An Account of

The Connor Battle

Page 3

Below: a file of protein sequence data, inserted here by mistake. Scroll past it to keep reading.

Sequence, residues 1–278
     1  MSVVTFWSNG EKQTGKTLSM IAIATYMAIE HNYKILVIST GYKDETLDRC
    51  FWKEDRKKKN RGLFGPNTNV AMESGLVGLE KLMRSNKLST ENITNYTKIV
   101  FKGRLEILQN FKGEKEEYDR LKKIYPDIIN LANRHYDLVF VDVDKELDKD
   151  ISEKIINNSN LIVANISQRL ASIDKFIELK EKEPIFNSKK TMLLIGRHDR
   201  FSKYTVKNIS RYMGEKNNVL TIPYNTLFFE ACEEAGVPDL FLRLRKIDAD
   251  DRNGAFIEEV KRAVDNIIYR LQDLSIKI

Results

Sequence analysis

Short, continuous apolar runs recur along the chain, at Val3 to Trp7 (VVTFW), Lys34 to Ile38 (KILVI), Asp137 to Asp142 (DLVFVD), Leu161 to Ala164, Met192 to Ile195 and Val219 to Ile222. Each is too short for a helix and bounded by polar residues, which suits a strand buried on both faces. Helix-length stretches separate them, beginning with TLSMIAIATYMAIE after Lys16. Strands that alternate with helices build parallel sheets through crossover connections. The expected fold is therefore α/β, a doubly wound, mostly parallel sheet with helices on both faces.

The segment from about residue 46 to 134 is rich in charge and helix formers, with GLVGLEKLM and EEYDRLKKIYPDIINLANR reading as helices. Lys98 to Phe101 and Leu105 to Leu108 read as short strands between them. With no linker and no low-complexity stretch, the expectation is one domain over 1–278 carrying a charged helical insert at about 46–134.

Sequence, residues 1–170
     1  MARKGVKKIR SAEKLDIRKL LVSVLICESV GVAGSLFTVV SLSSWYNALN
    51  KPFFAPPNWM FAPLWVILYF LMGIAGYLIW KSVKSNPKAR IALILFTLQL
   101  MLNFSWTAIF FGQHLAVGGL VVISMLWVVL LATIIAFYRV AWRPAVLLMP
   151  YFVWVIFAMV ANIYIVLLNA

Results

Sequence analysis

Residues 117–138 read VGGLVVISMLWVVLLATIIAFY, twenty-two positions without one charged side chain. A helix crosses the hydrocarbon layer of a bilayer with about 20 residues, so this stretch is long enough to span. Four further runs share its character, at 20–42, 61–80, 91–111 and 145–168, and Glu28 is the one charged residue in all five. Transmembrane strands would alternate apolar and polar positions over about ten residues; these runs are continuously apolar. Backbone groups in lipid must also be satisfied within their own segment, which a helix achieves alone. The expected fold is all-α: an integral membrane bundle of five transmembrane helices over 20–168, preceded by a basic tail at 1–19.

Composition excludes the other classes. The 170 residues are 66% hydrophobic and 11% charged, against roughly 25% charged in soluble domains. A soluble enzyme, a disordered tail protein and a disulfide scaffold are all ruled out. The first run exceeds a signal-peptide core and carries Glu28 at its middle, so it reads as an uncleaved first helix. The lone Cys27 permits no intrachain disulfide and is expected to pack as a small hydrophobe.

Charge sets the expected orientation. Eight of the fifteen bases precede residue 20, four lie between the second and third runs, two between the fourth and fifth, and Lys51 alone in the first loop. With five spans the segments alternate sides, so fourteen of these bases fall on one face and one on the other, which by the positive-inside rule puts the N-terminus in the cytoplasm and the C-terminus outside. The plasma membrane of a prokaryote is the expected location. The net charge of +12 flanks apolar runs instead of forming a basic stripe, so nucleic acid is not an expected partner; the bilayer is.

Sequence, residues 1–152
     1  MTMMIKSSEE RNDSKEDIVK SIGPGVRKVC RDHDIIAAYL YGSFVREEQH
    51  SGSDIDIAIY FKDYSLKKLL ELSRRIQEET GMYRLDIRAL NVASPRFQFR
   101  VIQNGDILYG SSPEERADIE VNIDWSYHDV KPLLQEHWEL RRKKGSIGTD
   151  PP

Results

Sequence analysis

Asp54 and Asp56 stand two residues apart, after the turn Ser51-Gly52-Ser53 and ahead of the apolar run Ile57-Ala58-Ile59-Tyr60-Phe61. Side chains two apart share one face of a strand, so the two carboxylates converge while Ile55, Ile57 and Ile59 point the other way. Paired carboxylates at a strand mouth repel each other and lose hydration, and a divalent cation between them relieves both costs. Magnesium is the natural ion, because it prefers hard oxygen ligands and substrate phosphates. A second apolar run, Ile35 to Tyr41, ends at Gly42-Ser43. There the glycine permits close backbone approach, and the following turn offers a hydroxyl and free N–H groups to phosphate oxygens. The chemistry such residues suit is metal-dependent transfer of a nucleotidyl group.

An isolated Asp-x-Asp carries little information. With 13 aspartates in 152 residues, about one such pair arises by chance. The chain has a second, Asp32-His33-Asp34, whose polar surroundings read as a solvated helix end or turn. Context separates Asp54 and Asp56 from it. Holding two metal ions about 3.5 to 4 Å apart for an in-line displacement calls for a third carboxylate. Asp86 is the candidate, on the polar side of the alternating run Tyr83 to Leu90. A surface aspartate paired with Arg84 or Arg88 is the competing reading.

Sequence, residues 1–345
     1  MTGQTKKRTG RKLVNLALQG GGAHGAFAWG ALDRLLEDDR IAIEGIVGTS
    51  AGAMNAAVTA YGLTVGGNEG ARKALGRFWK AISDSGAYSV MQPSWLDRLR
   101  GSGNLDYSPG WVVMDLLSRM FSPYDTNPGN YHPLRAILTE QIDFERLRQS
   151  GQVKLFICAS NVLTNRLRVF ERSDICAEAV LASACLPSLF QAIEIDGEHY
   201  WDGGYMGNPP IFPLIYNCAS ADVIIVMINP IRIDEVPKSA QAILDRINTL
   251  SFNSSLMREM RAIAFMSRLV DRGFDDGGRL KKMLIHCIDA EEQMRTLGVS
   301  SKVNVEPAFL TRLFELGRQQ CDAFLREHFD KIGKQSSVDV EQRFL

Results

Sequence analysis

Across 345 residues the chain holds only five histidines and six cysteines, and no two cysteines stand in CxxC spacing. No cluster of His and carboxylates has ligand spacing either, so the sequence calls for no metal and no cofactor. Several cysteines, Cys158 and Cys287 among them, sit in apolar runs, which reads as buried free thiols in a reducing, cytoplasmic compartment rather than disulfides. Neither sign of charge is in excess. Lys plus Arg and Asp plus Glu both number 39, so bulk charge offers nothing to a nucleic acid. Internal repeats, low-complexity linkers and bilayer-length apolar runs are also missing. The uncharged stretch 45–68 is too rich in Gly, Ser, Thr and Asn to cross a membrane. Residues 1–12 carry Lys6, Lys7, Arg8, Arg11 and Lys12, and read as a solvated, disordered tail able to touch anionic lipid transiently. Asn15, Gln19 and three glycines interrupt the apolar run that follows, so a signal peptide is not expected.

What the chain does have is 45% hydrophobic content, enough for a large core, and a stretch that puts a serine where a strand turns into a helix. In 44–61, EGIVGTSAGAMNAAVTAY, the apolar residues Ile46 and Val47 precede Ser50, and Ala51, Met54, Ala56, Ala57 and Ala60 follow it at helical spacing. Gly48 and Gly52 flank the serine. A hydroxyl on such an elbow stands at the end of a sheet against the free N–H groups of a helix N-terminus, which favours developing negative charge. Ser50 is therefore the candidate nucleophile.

Excerpts from the Palmer Diaries in August 1865: